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Tuesday, June 30, 2009

Science as Recipe thinking

I was once asked to give a talk on science to our Children's Church. Here, with slight modifications, is what I told them:

Do you like hamburgers? I do, usually.

If someone makes a hamburger, what do they need? A recipe. Well, they probably don’t look on a piece of paper to see what to do, but they have a recipe in their head, or somewhere. And a recipe for hamburger probably works well. Besides how to make a hamburger, there may be other questions on the mind of the cook. For example, she might worry about not having enough money to buy hamburger meat. She might worry about whether it is wrong to kill cows to make hamburger meat. She might worry about a person in their family who is allergic to wheat flour, so can’t eat a hamburger bun. She might worry about what a hamburger means. None of those thoughts are in the recipe, whether in the head, or written down.

Science is a lot like recipe thinking. It is about what things are made of, how they work, and how they are put together. Scientists can try out things, like trying out new stuff in a recipe. But there is a kind of non-recipe thinking, about higher stuff. There are two big words for this kind of thinking—theology and philosophy. Theology is thinking about God, and philosophy is thinking about what is true, and how we know things. Science can tell us what a rock is made of, and maybe where it came from, but it can’t tell us why there are rocks in the world.

Your pastor asked me here to talk about creation. Creation is about how the world came to be here, how living things came to be here, and how people came to be here. Science can give us recipe thinking about how the world is put together, how living things work, and how humans work. But this recipe thinking can’t tell us why, or what it means. I need higher, non-recipe thinking.

The most important question about how the world, living things, and humans came to be is this one: Are we here by chance, or on purpose? This question isn’t recipe thinking. It is higher thinking. If your school science books say that they can tell you about whether the world, living things, or humans are here by chance or not, they are wrong. They can’t do it. You need higher thinking for that.

Before I discuss this further, I want to point out a danger: thinking that the Bible says things that it doesn’t really say. For instance, a man named Galileo said that the earth goes around the sun. Others said that the Bible says that the sun goes around the earth. It seems to, because it was written by people who believed that, and God allowed them to put their thoughts in the Bible, but the Bible doesn’t really say that the earth goes around the sun, or that the sun goes around the earth.

Some people think that the Bible says that the world is only a few thousand years old. The earth may be only a few thousand years old, but the Bible doesn’t say so—people do. Some people think that the flood in Noah’s time caused almost all the rock formations and mountains all over the world. Maybe, maybe not. The Bible isn’t really clear on that. But to argue that the Bible is clear on this, or other ideas that it is not clear on, is dangerous.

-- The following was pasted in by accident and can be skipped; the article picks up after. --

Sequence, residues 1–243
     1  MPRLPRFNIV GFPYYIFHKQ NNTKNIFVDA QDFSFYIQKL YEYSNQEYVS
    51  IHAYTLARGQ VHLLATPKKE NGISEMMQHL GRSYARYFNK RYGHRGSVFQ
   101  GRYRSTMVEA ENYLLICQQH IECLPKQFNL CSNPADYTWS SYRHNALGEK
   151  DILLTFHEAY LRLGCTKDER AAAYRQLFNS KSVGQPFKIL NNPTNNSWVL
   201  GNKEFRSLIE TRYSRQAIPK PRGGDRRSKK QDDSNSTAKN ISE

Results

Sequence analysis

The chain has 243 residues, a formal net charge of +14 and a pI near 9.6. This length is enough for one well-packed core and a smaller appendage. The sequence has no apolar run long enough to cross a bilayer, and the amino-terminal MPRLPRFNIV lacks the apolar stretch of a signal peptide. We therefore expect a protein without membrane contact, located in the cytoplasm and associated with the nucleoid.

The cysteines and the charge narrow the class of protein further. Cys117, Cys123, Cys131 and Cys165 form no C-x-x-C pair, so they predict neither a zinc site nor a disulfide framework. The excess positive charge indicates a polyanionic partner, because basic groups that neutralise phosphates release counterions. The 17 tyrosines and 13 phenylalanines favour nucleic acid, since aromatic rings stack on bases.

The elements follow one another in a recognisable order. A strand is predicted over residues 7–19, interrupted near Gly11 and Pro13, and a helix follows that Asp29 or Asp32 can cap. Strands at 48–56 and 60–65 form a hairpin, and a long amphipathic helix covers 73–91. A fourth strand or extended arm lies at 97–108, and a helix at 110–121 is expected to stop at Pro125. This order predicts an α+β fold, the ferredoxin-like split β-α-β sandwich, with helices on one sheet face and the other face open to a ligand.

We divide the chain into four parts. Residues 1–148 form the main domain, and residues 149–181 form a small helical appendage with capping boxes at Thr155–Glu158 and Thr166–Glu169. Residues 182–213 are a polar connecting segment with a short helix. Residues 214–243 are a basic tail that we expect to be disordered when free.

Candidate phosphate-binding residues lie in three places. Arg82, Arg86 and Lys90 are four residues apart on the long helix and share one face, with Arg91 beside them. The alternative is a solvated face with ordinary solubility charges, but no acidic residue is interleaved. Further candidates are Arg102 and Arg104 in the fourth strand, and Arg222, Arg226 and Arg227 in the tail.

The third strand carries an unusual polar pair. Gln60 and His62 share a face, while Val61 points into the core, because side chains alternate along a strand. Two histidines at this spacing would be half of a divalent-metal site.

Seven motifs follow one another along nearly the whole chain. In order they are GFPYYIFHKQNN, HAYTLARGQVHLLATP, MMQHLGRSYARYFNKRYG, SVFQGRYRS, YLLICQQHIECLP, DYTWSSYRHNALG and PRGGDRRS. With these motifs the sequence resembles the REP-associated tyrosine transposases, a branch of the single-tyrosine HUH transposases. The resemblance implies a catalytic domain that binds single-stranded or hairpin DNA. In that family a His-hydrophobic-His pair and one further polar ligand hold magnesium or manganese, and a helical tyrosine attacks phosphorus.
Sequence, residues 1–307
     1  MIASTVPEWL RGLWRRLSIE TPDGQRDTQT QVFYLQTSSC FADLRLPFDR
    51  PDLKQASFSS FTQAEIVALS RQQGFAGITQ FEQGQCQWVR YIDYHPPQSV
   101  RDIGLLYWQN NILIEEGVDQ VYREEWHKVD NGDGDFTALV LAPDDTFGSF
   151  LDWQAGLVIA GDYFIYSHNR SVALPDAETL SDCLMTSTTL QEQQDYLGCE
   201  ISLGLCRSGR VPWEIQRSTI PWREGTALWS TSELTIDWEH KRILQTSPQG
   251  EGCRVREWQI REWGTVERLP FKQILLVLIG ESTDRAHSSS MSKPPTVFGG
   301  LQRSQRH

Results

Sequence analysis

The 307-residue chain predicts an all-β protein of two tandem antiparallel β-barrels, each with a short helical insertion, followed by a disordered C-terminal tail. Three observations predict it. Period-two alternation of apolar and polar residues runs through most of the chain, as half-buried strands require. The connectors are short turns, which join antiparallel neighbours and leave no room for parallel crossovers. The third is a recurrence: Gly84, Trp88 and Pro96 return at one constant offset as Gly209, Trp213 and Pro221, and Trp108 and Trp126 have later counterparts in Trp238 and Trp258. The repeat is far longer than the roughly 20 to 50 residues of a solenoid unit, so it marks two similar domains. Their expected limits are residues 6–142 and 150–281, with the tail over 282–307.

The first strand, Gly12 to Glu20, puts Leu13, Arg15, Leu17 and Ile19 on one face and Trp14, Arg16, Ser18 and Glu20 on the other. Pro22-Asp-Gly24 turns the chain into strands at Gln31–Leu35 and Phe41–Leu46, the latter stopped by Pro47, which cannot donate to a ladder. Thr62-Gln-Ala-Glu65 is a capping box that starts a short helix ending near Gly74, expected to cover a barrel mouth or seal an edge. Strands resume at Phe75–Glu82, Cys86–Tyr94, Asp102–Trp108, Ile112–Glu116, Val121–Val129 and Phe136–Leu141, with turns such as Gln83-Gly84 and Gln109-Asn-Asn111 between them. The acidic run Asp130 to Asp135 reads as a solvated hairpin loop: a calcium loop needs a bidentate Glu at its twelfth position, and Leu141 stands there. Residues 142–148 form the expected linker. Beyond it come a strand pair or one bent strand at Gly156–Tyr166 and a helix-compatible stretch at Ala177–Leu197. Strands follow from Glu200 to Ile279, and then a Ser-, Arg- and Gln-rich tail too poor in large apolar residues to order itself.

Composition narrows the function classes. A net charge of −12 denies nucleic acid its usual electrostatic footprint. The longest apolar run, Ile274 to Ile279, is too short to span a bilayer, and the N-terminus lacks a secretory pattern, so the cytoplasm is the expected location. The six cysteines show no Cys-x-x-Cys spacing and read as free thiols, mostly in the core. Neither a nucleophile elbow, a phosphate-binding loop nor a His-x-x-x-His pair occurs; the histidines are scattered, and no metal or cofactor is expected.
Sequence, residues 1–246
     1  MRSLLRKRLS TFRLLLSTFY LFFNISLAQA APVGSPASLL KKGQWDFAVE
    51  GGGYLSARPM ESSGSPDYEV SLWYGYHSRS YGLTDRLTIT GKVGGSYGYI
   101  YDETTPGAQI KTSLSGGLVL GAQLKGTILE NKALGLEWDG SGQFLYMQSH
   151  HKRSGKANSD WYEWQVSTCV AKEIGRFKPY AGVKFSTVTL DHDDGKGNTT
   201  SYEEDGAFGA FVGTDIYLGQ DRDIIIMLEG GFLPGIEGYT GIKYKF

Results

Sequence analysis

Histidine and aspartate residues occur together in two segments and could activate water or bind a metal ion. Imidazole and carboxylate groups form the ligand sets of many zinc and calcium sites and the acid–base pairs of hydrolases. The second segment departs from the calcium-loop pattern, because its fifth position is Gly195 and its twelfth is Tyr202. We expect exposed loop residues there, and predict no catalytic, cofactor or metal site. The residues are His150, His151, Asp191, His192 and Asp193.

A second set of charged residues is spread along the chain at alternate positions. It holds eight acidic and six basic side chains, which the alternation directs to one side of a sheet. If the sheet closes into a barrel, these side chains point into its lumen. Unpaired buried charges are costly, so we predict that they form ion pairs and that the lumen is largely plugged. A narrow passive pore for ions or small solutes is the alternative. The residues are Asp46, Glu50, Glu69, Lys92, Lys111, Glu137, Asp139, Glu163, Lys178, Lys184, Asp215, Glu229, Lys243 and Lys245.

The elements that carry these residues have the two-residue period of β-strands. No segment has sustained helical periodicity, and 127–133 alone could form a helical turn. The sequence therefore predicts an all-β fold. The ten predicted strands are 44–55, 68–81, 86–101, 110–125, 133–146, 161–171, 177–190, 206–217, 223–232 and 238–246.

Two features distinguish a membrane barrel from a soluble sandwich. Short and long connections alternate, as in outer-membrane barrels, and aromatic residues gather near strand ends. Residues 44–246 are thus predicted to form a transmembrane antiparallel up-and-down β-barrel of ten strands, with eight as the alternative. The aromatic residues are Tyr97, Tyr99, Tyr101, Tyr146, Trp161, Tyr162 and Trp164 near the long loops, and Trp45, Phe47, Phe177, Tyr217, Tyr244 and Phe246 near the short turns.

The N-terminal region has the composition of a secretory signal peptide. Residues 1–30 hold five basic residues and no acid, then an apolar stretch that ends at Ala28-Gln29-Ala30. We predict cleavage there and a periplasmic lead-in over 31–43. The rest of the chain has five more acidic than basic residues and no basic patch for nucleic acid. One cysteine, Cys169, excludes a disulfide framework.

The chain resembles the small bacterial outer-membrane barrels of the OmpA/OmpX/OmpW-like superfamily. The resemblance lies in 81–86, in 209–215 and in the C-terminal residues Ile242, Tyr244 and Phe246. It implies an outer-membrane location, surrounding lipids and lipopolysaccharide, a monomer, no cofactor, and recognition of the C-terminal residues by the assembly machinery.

Back to the difference between recipe thinking and higher thinking.

Recipe Thinking (Science)
Take hamburger meat, made into patties, lettuce, tomato and cheese slices, mayonnaise, ketchup, and hamburger buns made from wheat flour.
Fry patties until done, then place in buns with other ingredients.

Higher Thinking (Theology & Philosophy)
Can I afford hamburger meat?
Is it wrong to kill cows?
Is my child allergic to wheat flour?
What does a hamburger mean?
These questions are important, but not part of a recipe.

Let us compare chance and purpose:

Chance: 1) Your underwear is on your foot, there's a blue sock on your left hand, a handkerchief on your head, your pants are on your right arm, and there's a brown sock on your right ear.
2) The world is just here. It has no purpose or meaning. The same is true of living things and human beings.

Purpose: 1)Underwear, socks, handkerchief, pants, in the usual places, because someone thought about it and planned it that way.
2) The world is here because God planned it. So are living things and human beings.

Are thoughts about whether we are here because of chance or purpose recipe thoughts or higher thoughts?

They are higher thoughts. Scientists can think about them, but so can you or I, or a truck driver. Scientists’ thoughts about these things are no more likely to be right than anyone else’s.

Two dangers:
1) I repeat one I discussed above: don’t claim that the Bible says something that it doesn’t say. (The Bible doesn’t say how old the earth is, or what the first people looked like, or how long ago the first people lived.) There's another danger.
2) Don’t claim that science’s recipe thinking can answer questions needing higher thinking. Science can't prove that there was a purpose to creation, or disprove it.

We need both recipe thinking and higher thinking, but we need to be careful to distinguish the two kinds.

2 comments:

superrustyfly said...

Recipe Thinking. This sounds like the title to a book to be written. You should write one.

Martin LaBar said...

I'm probably past that.

Thanks, superrustyfly.